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Due to precautions related to COVID-19, we have expanded our options for remote consultations. Please contact our office to discuss whether a full phone consultation or video conference is appropriate for your situation. We can still accommodate in person meetings as well, while being mindful of social distancing guidelines.

Due to precautions related to COVID-19, we have expanded our options for remote consultations. Please contact our office to discuss whether a full phone consultation or video conference is appropriate for your situation. We can still accommodate in person meetings as well, while being mindful of social distancing guidelines.

Why US bankruptcy courts are hostile to ‘foreign’ Chapter 11 bids

| Jul 31, 2013 | Chapter 11 |

It may sound contradictory, but bankruptcy can be very beneficial for a business. Filing Chapter 11 bankruptcy can allow a company to reorganize and get its financial feet underneath it, so to speak. Business bankruptcy can also buy a company some time to find a new owner to help them out of their debt-ridden situation. Using this exit strategy can be a great option for both the insolvent company (they fulfill their exit strategy) and the new buyer (they could potentially get the company at a cheaper price).

Just look at the recent revival of Hostess as an example of this. Hostess, under a slightly modified name, still exists today — as do their famed Twinkies — because the business bankruptcy worked for them.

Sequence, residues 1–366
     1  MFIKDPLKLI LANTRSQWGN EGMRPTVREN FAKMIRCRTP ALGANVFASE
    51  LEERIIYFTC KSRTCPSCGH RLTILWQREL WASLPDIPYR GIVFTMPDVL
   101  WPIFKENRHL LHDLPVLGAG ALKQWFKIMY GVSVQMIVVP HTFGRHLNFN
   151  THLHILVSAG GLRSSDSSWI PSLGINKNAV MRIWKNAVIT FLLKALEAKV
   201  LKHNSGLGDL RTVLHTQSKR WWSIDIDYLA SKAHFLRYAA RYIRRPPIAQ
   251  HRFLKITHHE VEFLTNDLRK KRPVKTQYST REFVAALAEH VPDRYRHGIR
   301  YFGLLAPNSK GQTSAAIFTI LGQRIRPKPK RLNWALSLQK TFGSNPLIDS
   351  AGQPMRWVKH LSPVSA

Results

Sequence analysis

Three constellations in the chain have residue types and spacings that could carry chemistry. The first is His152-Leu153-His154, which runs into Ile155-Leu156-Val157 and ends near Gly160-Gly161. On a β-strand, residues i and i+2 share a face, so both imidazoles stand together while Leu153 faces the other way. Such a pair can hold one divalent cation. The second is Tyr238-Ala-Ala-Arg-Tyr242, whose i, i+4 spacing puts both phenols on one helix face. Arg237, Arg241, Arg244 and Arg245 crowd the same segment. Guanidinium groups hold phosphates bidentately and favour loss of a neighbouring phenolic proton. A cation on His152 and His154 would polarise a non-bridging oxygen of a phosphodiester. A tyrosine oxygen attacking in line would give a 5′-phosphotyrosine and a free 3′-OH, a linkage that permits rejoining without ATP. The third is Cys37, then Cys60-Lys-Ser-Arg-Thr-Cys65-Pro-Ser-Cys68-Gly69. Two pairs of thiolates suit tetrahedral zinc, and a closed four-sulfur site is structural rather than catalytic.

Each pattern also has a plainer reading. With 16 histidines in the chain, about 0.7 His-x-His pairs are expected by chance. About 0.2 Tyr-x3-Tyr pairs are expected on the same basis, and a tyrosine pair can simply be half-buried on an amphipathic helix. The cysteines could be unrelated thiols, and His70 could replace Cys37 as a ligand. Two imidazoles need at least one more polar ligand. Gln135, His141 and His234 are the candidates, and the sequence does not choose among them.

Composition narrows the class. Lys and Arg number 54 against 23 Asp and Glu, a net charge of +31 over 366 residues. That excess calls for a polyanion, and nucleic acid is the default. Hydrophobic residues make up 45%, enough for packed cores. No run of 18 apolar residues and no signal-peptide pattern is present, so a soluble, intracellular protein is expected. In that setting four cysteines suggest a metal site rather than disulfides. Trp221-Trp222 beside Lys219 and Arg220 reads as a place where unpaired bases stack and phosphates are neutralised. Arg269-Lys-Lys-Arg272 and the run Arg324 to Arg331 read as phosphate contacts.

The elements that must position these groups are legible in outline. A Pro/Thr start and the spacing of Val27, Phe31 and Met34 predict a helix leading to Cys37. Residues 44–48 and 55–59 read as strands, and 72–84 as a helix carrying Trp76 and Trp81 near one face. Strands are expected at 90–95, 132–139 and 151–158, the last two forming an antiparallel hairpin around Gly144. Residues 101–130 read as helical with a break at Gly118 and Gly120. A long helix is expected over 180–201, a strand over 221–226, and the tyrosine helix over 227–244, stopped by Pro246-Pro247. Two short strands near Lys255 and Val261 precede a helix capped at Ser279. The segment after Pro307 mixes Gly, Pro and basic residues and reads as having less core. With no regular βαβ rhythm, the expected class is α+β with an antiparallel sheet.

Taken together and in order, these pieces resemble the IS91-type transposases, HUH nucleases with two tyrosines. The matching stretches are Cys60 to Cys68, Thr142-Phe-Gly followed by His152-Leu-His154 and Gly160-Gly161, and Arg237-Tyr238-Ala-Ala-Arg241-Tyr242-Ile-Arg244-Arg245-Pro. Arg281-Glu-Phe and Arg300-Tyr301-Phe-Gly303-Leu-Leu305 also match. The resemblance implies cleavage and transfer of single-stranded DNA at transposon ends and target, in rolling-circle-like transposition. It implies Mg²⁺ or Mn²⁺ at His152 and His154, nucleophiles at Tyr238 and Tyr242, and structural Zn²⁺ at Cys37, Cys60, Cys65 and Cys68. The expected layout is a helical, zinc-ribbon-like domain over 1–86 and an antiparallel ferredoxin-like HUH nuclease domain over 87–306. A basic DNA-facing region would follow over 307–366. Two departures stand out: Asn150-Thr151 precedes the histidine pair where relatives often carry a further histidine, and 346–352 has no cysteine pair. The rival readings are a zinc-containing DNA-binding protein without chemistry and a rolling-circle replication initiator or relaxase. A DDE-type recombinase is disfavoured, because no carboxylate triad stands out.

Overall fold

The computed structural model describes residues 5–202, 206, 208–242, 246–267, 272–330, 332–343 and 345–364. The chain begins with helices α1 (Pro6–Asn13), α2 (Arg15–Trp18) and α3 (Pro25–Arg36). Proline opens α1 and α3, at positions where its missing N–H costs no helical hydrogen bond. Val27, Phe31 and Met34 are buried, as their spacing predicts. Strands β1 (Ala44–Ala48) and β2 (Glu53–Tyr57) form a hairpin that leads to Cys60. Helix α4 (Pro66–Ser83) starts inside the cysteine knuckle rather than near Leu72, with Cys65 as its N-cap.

There is an increasing number of companies though that are finding the U.S. bankruptcy system difficult to navigate, and these companies all have something in common: they are “foreign.” We use the quotes purposely, because these companies do indeed have offices here in the U.S. (they would have to in order to file); but they are mainly based overseas. As a result, many creditors and trustees believe the companies are acting in bad faith filing in the U.S. bankruptcy system instead of going through another country’s bankruptcy system.

Both sides of the issue have solid arguments. On the one hand, it would overburden the U.S. system to allow any company in financial trouble to just set up a tiny office somewhere in the U.S., only for the entity to turn around shortly thereafter and file for bankruptcy. But at the same time, there are many “foreign” companies that are acting in good faith, and they are relying on the U.S. system to help them out in their time of need.

Chapter 11 filings by foreign entities are susceptible to legal challenges, and they could be tossed out — so it behooves these companies to seek an experienced attorney to help them build their case and show they are acting in good faith.

Source: Wall Street Journal, “Q&A: Foreign Companies Seek Protection of U.S. Chapter 11,” Jacqueline Palank, July 25, 2013

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